Atlanta archbishop says no to religious exemptions for COVID-19 vaccine

Archbishop Gregory John Hartmayer extends a Franciscan blessing to all in attendance at the end of his March 5 press conference. Pope Francis named Hartmayer the seventh archbishop for the Archdiocese of Atlanta. CONTRIBUTED BY MICHAEL ALEXANDER

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Archbishop Gregory John Hartmayer extends a Franciscan blessing to all in attendance at the end of his March 5 press conference. Pope Francis named Hartmayer the seventh archbishop for the Archdiocese of Atlanta. CONTRIBUTED BY MICHAEL ALEXANDER

Atlanta Archbishop Gregory J. Hartmayer has instructed priests to not sign letters from parishioners requesting a general religious exemption from getting the COVID-19 vaccine.

In an excerpt from a memo sent. Aug. 13, Hartmayer writes that based on the Congregation for the Doctrine of the Faith, the church body responsible for defending morals and the Catholic doctrine, it is “morally acceptable” to receive the vaccine. ”…from the ethical point of view, the morality of vaccination depends not only on the duty to protect one’s own health, but also on the duty to pursue the common good,” the Congregation goes on to say. “In the absence of other means to stop or even prevent the epidemic, the common good may recommend vaccination, especially to protect the weakest and most exposed.”

Because of that determination, “the church cannot provide a general exemption,” said Hartmayer, who is vaccinated and has encouraged parishioners and others to get the COVID-19 vaccine.

The excerpt was provided to The Atlanta Journal-Constitution by the office of communications.

There has been a great deal of hesitancy about getting the vaccine among many in Georgia, which has seen an alarming uptick in hospitalizations, largely from people who are unvaccinated. The tsunami of the sick, fueled by the highly-contagious delta variant, has taxed the state’s health care system and hospital staffs.

Some people decide not to take vaccines, claiming it violates aspects of their religious beliefs. One of the issues, they say, is concern about the use of tissue or cell lines from fetuses aborted decades ago.

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Last year, the U.S. Conference of Catholic Bishops Committee on Pro-Life Activities and the Committee on Doctrine said that neither the Pfizer nor Moderna coronavirus vaccines — the first two vaccines that were made available to the public — “used morally compromised cell lines in the design, development, or production of the vaccine.”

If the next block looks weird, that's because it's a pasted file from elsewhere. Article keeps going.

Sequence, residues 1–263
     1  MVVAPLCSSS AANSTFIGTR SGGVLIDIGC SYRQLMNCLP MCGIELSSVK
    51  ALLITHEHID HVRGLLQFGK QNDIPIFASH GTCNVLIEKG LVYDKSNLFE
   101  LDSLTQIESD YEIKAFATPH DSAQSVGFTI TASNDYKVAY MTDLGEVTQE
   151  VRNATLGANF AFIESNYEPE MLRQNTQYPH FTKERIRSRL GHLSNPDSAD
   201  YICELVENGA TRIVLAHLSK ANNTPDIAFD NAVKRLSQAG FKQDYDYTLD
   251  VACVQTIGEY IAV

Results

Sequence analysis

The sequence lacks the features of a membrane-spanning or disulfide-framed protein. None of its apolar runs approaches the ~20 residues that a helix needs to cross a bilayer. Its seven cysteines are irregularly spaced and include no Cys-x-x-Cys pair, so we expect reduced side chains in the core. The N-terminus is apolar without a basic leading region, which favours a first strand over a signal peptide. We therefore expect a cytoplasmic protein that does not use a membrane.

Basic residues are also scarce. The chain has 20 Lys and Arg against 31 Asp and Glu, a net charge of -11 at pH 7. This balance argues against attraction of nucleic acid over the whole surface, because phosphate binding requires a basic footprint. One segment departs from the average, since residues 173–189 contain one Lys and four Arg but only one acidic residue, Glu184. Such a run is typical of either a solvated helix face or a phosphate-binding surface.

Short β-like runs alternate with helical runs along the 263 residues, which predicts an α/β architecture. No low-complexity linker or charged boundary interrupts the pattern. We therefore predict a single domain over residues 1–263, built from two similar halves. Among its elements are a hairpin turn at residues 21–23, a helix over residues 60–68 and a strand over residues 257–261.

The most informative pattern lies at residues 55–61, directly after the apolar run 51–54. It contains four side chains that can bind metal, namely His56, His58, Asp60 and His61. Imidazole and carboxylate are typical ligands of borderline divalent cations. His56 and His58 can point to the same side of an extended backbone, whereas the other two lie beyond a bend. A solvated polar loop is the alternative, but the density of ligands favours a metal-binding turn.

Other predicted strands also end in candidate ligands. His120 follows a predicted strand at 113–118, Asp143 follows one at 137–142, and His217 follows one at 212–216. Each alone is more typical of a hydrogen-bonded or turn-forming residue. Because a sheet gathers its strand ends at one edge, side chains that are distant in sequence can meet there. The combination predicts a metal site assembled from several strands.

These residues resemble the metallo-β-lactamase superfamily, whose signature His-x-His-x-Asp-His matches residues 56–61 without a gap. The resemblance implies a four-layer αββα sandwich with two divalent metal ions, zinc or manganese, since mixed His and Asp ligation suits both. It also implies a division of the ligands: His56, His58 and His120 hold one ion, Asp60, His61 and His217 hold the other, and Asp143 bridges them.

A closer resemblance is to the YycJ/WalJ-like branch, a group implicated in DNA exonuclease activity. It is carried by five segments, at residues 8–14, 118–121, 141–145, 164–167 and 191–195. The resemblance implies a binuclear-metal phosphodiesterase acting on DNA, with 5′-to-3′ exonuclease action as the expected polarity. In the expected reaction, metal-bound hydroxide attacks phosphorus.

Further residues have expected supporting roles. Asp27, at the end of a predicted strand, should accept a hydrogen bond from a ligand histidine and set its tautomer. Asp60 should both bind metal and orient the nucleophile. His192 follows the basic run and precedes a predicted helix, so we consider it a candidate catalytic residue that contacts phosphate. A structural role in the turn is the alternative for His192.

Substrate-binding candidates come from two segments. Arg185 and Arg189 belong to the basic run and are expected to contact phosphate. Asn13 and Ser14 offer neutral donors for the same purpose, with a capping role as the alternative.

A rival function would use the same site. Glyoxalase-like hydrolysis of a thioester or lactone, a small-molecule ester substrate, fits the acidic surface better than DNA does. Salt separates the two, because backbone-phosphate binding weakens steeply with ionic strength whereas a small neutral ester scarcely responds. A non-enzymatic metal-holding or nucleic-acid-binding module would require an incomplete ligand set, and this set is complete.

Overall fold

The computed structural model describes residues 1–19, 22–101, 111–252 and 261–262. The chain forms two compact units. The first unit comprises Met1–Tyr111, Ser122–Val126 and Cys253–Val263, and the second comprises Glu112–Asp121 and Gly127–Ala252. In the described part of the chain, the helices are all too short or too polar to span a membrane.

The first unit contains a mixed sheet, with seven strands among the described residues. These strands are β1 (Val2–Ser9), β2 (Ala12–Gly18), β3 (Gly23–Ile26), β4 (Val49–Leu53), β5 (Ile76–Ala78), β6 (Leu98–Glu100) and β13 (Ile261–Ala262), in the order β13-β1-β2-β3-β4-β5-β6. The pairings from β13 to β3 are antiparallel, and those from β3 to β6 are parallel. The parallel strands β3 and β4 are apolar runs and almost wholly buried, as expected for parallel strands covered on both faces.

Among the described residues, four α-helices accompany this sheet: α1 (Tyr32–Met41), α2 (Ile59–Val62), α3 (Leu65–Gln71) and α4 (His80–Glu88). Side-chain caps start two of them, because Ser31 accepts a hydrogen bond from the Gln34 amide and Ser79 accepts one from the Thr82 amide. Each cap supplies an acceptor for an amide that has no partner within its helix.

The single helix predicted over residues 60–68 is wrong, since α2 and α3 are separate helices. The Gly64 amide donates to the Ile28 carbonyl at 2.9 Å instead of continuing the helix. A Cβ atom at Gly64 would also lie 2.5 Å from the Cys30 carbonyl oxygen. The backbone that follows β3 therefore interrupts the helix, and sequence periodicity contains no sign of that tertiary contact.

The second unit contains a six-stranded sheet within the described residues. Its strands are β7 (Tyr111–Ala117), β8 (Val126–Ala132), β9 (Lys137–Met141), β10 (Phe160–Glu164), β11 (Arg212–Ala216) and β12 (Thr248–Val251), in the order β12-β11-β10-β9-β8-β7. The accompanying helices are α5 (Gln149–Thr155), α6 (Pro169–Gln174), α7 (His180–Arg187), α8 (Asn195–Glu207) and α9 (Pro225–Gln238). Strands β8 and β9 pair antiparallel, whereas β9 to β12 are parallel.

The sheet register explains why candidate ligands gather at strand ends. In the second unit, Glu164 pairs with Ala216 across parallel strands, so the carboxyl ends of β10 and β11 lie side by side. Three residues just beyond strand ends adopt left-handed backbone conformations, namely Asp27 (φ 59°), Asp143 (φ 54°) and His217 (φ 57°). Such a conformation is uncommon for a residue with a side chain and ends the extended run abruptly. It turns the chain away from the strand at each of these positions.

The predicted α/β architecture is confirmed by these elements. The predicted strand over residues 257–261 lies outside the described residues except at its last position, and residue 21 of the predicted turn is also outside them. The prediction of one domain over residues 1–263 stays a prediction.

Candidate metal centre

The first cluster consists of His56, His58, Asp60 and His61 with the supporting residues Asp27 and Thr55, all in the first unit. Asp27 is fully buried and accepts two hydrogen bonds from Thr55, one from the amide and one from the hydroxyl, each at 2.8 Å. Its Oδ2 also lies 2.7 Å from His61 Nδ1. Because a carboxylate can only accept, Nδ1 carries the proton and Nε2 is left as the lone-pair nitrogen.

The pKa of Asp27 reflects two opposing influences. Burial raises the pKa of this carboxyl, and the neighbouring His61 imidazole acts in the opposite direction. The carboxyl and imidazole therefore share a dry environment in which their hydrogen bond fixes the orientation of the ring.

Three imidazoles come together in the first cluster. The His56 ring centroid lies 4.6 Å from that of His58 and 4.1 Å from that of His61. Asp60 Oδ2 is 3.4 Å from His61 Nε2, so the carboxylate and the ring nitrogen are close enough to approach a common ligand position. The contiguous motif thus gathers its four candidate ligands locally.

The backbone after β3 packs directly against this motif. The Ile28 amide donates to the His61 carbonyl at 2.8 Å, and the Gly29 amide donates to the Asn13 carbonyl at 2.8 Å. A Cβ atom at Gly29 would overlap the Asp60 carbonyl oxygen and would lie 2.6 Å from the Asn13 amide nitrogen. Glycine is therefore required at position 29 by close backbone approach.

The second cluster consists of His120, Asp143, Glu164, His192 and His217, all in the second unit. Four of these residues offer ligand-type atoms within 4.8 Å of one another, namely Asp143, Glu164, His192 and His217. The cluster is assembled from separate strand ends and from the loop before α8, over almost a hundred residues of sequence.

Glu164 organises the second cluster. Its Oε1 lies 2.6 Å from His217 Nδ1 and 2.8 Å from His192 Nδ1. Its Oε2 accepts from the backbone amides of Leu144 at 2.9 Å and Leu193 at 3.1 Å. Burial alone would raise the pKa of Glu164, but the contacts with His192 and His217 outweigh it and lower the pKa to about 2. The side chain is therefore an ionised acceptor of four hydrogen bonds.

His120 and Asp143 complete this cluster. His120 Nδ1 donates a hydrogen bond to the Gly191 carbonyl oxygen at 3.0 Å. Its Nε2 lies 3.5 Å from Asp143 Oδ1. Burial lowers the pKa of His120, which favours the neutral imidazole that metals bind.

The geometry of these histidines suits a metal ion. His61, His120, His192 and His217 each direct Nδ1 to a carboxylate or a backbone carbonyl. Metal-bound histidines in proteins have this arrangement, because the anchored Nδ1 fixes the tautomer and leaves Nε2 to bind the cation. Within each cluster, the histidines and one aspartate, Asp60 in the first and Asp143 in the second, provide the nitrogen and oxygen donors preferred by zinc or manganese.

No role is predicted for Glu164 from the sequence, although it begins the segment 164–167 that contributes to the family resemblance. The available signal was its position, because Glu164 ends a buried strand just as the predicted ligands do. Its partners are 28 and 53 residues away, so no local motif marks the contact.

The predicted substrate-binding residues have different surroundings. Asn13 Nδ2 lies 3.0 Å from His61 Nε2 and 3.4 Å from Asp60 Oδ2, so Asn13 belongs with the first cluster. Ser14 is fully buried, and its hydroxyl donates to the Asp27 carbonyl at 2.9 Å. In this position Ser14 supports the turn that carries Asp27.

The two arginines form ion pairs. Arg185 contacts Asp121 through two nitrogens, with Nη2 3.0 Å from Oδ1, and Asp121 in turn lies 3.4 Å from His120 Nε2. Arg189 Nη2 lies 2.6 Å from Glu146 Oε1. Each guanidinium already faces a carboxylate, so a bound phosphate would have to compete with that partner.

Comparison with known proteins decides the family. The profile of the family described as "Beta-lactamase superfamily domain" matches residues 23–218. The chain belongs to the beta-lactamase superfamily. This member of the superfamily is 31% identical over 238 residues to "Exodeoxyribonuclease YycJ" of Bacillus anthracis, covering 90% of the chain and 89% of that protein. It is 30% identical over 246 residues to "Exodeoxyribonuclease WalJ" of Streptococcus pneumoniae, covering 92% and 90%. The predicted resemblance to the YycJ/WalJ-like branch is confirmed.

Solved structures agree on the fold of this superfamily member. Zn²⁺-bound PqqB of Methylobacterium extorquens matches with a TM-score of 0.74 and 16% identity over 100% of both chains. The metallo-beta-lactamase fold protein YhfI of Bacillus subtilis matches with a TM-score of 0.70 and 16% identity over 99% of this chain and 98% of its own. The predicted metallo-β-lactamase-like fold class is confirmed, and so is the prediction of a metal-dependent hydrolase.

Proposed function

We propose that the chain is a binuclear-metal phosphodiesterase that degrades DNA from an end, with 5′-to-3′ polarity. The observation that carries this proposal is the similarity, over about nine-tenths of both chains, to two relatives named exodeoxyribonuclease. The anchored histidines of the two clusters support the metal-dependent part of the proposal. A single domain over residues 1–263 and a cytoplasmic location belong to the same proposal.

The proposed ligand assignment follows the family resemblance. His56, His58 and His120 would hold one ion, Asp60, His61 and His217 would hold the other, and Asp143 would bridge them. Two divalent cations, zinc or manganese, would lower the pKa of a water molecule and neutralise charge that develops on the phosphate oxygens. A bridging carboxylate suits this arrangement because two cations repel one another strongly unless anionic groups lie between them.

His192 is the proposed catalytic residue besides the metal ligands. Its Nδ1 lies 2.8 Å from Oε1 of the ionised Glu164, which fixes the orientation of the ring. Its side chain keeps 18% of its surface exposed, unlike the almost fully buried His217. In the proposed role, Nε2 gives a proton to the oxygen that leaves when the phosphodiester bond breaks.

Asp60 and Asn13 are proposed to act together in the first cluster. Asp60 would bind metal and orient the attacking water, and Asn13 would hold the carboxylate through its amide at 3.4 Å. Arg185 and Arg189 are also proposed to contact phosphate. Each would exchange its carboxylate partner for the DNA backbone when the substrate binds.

The USCCBC said a confirmatory test using a “morally compromised” cell line was performed on both vaccines, but “in this case the connection is very remote from the initial evil of the abortion.”

On Friday, the state passed a somber milestone, more than 20,000 Georgia deaths from the virus, according to the Georgia Department of Public Health.

Some Georgia businesses, local governments and places of worship are requiring employees and members to be vaccinated. Some restaurants and arts venues are also requiring proof of vaccination from diners and attendees. Metro Atlanta’s largest private colleges and universities, including Atlanta’s HBCUs, are also requiring students, faculty and staff be vaccinated to be on campus this semester.

Some organizations are considering medical and religious exemptions to getting the vaccine from their employees, students and guests.

People can can seek a personal exemption but they will have to do so without a signature from the church, according to the communications office.

Last month Pope Francis, appeared in a video for the nonprofit Ad Council and the COVID Collaborative that advocated for people to get the vaccine.

“Thanks to God’s grace and to the work of many, we now have vaccines to protect us from COVID-19,” the pope said in the message, according to Reuters.

“They grant us the hope of ending the pandemic, but only if they are available to all and if we work together, the pope said.

Some Georgia businesses that have mandated vaccines for employees also have consequences ranging from termination to financial penalties.

An August survey by the firm of Willis Towers Watson found that more companies plan to have vaccine mandates by the fourth quarter of 2021.

Willis Towers Watson, a global advisory, broking and solutions company. reported that 52 % of employers could have one or more vaccine mandates in the workplace.

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Delta Air Lines, for example, which requires new hires to get vaccinated, plans to charge unvaccinated employees an extra $200 a month beginning in November as part of the company’s health care plans.

The Atlanta-based carrier will also require unvaccinated employees to be tested weekly for the coronavirus starting Sept. 12 while cases are high.

A spokesman for Delta said the company will consider religious exemptions and expects to provide more detail about that process in the weeks ahead.